So, for those of you reading this in hopes of discovering how to re-grow your hair, vitamin D3 supplementation may help, but there is no direct scientific evidence to support any claim that it would. The Vitamin D3 Blog is neither suggesting or denying a relationship between an balding individual’s vitamin D levels and the condition of his or her hairline and scalp, nor are we encouraging those suffering from hair loss to go out and purchase supplements in hope of regrowing hair.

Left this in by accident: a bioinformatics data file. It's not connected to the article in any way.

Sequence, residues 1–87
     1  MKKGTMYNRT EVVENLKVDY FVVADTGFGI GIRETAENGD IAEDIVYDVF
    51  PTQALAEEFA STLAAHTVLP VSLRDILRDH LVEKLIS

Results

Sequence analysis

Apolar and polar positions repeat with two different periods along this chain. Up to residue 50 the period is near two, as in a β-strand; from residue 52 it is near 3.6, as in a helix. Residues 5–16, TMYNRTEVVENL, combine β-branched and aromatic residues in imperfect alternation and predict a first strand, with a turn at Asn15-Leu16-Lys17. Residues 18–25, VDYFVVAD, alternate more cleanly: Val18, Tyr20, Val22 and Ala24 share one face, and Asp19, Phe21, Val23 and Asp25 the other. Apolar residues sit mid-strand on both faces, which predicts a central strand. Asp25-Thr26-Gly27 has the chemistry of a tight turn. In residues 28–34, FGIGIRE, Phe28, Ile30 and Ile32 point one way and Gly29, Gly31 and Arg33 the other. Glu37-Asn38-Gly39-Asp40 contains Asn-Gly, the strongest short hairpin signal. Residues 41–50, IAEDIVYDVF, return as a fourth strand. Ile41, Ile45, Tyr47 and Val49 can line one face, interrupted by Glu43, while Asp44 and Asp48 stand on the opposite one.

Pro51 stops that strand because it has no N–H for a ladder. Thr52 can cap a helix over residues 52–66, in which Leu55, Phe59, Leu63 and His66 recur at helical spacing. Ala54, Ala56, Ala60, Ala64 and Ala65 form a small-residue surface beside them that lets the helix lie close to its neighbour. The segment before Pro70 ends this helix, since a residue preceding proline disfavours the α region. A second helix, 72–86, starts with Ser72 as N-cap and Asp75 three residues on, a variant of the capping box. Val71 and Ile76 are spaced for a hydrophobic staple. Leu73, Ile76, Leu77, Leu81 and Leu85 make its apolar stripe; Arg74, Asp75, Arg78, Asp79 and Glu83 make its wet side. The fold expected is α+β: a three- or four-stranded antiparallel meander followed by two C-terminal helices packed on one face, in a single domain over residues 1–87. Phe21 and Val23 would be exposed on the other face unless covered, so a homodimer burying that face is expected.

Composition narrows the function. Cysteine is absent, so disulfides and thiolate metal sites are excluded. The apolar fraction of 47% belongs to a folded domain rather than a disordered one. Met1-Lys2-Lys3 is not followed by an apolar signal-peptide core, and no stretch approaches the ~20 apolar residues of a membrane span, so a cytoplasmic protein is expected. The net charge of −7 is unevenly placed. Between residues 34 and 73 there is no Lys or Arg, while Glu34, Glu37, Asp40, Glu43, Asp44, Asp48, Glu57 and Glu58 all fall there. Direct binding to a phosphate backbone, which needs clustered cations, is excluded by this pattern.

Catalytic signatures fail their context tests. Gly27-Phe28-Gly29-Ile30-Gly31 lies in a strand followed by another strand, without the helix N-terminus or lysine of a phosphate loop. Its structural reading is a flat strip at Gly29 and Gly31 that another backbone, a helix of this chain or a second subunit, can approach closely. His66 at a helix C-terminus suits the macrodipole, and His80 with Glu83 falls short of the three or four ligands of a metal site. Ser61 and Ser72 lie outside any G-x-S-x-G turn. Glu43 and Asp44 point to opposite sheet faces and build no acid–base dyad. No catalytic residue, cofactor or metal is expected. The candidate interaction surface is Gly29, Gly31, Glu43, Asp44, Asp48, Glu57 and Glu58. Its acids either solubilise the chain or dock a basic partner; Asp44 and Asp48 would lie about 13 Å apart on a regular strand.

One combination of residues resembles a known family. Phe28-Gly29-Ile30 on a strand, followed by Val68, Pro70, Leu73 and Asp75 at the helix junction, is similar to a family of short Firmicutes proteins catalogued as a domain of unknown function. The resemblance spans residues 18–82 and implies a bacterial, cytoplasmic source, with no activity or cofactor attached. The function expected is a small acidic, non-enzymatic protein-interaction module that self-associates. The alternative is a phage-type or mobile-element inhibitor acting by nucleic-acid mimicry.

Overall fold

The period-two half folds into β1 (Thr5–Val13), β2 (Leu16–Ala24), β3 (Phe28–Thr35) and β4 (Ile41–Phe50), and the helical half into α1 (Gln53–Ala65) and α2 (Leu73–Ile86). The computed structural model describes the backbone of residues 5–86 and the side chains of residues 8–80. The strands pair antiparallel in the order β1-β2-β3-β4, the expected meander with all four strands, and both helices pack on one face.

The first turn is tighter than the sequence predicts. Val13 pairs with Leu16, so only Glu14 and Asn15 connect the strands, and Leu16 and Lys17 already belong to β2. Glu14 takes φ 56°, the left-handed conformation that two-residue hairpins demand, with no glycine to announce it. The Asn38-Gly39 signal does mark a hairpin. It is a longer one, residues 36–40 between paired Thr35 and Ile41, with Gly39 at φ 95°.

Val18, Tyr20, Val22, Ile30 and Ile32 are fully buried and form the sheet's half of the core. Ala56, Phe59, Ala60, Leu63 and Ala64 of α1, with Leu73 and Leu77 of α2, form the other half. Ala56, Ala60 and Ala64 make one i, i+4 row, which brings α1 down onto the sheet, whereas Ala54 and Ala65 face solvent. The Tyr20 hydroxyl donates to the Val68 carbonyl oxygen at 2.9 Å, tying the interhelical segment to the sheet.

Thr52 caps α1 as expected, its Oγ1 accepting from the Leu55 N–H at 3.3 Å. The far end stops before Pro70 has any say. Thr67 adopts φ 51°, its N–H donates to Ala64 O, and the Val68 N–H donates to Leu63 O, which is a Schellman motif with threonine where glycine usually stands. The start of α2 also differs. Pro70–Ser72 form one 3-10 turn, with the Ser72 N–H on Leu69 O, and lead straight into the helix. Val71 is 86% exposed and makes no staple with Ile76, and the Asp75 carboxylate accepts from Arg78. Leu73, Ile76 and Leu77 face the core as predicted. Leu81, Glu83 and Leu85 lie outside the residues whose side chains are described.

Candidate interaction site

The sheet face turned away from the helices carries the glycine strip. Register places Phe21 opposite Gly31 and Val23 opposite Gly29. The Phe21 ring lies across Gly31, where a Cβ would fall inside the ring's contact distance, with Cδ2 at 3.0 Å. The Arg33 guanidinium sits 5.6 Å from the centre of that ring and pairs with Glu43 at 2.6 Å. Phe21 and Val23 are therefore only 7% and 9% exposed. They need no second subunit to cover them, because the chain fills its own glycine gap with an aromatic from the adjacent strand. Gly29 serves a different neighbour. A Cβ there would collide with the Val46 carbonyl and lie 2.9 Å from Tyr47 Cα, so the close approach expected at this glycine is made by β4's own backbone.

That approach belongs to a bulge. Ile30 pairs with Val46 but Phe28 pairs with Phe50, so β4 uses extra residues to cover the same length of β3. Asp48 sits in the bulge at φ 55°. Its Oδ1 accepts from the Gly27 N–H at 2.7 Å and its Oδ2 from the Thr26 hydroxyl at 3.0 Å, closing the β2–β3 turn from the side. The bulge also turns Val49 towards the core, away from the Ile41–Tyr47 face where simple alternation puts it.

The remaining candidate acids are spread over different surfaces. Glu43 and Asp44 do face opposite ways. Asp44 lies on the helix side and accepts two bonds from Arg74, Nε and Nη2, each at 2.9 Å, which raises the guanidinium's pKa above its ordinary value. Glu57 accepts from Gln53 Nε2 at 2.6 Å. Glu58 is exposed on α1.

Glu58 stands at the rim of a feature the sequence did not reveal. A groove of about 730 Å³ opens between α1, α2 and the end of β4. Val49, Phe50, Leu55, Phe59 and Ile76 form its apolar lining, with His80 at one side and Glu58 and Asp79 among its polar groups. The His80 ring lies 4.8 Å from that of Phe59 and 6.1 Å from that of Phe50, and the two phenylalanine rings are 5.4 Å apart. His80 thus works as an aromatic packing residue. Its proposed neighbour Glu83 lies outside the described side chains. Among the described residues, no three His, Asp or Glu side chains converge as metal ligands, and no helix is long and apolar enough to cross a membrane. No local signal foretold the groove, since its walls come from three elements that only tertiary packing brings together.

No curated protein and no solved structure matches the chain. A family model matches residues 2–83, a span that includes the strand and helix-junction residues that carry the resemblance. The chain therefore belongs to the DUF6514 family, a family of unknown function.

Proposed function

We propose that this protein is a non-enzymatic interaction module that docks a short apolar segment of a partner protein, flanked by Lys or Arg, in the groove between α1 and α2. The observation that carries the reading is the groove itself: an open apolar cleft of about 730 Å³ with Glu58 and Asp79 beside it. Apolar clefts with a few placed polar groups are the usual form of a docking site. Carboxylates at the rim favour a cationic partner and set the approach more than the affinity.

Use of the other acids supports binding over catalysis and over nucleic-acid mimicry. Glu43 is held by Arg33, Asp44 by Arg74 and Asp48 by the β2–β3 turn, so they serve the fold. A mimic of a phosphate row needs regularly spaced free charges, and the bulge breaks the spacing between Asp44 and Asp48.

That said, if anyone suffering from premature hair loss or balding does decide based entirely upon his or her own rationale to purchase supplements for the purpose of attempting to reverse a receding hair line, we here at the Vitamin D3 Blog would most definitely like to be notified of the results. So if anyone reading this does decide to try vitamin D supplementation (hopefully using vitamin D3 as opposed to D2) in an effort to regrow hair, please fill out the contact form located on the Contact Us page of the site and share your story with us regardless of the end-result. If we receive enough responses, we may do a follow-up post on the subject comparing the results of the readers of this blog who tried D3 supplementation as a means of slowing and/or reversing hair loss or premature balding.